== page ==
Careful .... GC can be a hairy subject if you are not cautious. Within any runtime (JVM for Java / CLR for .Net) there are several processes that take place. Generally there is an early stage optimization of memory (Young Generational Garbage Collection / Young Gen GC & Old Generational Garbage Collection / Old Gen GC). The young gen gc happens on a regular basis and is commonly attributed to your smaller pauses / hiccups. The old gen gc is normally what is going on when you see the long "stop the world" pauses.
Why you might ask? The reason you get pauses with your runtime / JVM is that when the runtime does its cleanup of the Heap it has to go through what is called a phase change. It stops the threads running your application in order to mark and swap pointers to optimize your available memory. Yong gen is faster as it is mainly releasing objects that are only temporary. Old gen, however, evaluates all the objects on the heap and when you run out of memory will it will kick of to free up much needed memory.
Why the Caution? Old gen gets exponentially worse in pause time the more heap you use. at 2-4 GB in total heap size you should be fine on modern runtimes like Java 6 (JDK 1.6+). Once you go beyond that threashold you will see exponential increases in pause times. I have run into some clients that have to restart servers - as in some rare cases where a heap is large GC pause times can take longer than a full restart.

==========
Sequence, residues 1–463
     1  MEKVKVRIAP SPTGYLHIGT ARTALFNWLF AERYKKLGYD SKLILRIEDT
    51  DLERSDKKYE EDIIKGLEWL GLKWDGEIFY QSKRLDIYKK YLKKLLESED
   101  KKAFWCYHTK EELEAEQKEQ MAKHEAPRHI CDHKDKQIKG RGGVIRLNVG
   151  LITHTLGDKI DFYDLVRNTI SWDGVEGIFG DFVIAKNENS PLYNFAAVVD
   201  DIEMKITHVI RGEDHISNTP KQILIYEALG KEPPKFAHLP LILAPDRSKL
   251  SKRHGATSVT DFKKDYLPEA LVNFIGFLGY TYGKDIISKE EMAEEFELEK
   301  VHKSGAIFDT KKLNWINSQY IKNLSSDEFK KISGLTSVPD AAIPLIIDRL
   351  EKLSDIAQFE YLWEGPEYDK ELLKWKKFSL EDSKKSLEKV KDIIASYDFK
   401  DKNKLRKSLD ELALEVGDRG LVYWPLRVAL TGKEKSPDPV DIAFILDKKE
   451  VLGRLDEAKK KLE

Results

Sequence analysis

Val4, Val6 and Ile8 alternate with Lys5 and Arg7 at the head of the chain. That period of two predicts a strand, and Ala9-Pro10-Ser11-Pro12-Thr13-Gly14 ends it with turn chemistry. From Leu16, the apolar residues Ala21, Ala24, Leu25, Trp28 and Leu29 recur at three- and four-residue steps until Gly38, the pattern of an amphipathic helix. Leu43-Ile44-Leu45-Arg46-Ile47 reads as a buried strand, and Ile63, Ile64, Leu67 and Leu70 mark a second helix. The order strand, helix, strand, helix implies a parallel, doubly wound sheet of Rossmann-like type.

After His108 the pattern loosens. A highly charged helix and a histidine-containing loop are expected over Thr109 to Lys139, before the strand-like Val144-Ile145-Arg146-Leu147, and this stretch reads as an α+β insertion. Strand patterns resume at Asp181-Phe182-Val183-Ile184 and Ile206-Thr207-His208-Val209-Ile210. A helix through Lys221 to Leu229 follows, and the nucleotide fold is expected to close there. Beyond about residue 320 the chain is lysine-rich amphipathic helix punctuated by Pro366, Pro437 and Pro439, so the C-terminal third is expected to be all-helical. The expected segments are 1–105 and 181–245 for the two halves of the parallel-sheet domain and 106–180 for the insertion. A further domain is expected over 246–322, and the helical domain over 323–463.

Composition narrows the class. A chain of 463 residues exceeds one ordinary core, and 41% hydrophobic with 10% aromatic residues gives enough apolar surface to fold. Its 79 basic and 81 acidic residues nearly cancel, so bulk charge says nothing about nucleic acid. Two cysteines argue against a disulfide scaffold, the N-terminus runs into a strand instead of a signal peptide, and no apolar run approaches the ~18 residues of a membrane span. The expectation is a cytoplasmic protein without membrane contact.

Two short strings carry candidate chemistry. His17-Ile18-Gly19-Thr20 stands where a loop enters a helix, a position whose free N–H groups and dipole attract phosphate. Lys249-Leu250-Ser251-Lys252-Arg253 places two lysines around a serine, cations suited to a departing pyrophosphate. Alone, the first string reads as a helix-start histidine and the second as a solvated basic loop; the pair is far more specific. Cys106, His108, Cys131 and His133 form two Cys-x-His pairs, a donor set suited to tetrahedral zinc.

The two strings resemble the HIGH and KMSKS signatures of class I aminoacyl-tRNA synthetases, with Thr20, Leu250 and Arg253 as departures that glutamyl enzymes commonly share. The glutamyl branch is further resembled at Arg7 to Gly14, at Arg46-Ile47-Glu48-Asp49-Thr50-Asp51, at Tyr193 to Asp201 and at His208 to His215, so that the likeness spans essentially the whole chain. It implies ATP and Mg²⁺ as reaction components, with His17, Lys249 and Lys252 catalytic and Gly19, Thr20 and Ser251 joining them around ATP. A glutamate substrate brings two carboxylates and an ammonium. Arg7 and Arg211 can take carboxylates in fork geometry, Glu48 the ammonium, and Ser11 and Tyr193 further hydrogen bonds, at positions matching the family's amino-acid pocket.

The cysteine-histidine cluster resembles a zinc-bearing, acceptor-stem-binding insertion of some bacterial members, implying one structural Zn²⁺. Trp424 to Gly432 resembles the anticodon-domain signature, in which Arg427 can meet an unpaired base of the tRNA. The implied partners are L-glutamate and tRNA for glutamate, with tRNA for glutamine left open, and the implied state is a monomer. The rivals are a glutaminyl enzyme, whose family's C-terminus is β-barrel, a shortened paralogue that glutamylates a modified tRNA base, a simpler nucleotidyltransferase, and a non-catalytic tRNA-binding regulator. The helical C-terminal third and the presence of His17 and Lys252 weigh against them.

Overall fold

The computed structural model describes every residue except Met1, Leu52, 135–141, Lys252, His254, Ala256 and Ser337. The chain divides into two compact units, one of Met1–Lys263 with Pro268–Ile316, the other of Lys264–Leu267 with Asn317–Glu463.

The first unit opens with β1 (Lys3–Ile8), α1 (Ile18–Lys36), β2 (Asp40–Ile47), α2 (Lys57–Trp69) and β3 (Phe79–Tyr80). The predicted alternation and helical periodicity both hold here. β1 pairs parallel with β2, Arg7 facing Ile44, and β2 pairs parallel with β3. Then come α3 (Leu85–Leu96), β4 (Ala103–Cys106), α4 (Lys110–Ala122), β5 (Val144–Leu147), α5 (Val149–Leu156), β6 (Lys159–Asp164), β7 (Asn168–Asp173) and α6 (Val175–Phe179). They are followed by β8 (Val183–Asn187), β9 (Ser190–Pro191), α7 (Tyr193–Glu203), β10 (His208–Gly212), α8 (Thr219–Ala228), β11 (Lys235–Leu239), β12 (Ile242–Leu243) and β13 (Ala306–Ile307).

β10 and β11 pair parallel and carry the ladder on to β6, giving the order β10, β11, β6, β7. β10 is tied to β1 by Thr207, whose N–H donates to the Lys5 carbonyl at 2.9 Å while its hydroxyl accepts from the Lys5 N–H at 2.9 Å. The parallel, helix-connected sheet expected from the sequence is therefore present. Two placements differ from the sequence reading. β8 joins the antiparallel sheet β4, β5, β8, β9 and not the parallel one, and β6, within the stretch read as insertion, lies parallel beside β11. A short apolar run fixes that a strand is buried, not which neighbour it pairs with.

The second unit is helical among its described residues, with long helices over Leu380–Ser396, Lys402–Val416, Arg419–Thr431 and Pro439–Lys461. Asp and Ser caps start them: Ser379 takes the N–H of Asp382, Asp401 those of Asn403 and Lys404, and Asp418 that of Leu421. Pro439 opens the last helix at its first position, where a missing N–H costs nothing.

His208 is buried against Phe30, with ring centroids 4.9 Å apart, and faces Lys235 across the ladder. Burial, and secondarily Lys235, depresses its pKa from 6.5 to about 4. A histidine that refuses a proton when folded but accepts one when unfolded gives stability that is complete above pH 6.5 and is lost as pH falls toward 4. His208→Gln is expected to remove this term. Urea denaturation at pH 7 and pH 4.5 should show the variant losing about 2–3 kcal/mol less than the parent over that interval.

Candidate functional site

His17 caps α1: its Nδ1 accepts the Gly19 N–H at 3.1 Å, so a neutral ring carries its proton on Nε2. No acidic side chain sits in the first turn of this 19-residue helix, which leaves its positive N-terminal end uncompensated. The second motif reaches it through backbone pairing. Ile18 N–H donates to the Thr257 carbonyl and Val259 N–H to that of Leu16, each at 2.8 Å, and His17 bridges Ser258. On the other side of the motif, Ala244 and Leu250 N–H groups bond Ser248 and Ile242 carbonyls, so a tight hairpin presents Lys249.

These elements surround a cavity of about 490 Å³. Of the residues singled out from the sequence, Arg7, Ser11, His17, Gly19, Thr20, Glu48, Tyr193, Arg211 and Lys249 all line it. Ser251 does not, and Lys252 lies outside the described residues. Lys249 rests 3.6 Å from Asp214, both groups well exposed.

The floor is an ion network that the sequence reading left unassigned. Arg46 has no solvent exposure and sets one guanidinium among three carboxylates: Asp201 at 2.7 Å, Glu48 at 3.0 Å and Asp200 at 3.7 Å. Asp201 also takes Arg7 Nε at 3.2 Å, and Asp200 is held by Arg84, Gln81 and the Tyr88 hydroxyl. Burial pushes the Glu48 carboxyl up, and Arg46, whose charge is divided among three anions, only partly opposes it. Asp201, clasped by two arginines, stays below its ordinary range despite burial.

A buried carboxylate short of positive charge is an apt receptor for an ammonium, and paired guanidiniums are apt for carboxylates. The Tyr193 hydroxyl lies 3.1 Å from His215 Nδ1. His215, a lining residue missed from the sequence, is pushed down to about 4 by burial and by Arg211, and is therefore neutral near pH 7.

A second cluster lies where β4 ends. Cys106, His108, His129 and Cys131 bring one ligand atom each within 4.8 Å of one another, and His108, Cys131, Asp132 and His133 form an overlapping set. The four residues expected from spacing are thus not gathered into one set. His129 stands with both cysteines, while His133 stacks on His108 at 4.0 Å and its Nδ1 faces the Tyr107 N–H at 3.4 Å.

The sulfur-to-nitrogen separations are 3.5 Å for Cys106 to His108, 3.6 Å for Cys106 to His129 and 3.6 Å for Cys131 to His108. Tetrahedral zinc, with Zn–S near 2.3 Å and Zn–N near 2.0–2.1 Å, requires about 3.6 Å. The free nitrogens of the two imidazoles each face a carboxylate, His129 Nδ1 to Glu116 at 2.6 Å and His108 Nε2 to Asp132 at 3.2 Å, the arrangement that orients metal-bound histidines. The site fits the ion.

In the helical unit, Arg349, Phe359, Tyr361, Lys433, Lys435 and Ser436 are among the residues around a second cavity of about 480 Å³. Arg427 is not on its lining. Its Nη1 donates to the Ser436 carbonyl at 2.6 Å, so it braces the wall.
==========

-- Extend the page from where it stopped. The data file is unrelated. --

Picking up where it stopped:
There are some new tools out there that are pretty cool and can give you a leading edge on evaluating if GC is your pain. JHiccup is one and it is free from the azulsystemswebsite. At this time I think it is only for Linux though. They also have a JVM that has a re-built GC algorithm that runs pauseless ... but if you are on a single server deployment with a non-critical app it may not be cost effective (that one is not free).
To sum up - if your runtime / JVM / CLR heap is less than 2 GB adding more memory will help. Be sure to give yourself some overhead. You never want to hit 100% Heap size / memory size if possible. That is when the long pauses are the longest. Give yourself an extra 20%+ memory over what you think you will need. That way you have room for the GC algorithms to move objects around for optimization. If you ever plan to go large ... there is one tool that fixes the circa 1990 JVM technology (Azul Systems Zing JVM), but it is not free. They do offer an open source tool to diagnose GC issues. The JVM (as I have tried it) also has a really cool thread level visibility tool that lets you report on any leaks, bugs, or locks in production without overhead (some trick with offloading data the JVM already deals with and time stamping). That has saved tons of dev test time ... but again, not for small apps.
Stay below 4 GB. Give extra headroom. And if you want you can turn on these flags to monitor GC for Java / JVM:
java -verbose:gc myProgram
java -Xloggc:D:/log/myLogFile.log -XX:+PrintGCDetails myProgram
You may try some of the other collectors Hotspot uses. There are more than one.
If you are on Linux go ahead and try the JHiccup tool as well. It is free.